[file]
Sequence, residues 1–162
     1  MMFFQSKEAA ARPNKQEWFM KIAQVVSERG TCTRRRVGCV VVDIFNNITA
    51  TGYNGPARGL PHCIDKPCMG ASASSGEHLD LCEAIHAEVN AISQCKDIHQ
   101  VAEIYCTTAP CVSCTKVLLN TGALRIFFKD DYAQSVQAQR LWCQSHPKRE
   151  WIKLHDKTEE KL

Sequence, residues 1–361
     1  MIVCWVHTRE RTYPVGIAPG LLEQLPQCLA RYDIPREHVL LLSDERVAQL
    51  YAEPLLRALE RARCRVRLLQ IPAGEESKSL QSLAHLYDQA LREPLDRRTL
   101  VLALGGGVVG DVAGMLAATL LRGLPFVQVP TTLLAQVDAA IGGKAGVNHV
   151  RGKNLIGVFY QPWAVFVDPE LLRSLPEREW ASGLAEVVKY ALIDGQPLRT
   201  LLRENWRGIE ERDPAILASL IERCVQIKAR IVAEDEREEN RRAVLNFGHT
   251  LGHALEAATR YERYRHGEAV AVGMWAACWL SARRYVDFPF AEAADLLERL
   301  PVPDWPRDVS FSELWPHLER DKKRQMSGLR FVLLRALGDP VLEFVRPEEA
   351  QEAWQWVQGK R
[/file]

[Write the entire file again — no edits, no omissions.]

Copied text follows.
Sequence, residues 1–162
     1  MMFFQSKEAA ARPNKQEWFM KIAQVVSERG TCTRRRVGCV VVDIFNNITA
    51  TGYNGPARGL PHCIDKPCMG ASASSGEHLD LCEAIHAEVN AISQCKDIHQ
   101  VAEIYCTTAP CVSCTKVLLN TGALRIFFKD DYAQSVQAQR LWCQSHPKRE
   151  WIKLHDKTEE KL

Sequence, residues 1–361
     1  MIVCWVHTRE RTYPVGIAPG LLEQLPQCLA RYDIPREHVL LLSDERVAQL
    51  YAEPLLRALE RARCRVRLLQ IPAGEESKSL QSLAHLYDQA LREPLDRRTL
   101  VLALGGGVVG DVAGMLAATL LRGLPFVQVP TTLLAQVDAA IGGKAGVNHV
   151  RGKNLIGVFY QPWAVFVDPE LLRSLPEREW ASGLAEVVKY ALIDGQPLRT
   201  LLRENWRGIE ERDPAILASL IERCVQIKAR IVAEDEREEN RRAVLNFGHT
   251  LGHALEAATR YERYRHGEAV AVGMWAACWL SARRYVDFPF AEAADLLERL
   301  PVPDWPRDVS FSELWPHLER DKKRQMSGLR FVLLRALGDP VLEFVRPEEA
   351  QEAWQWVQGK R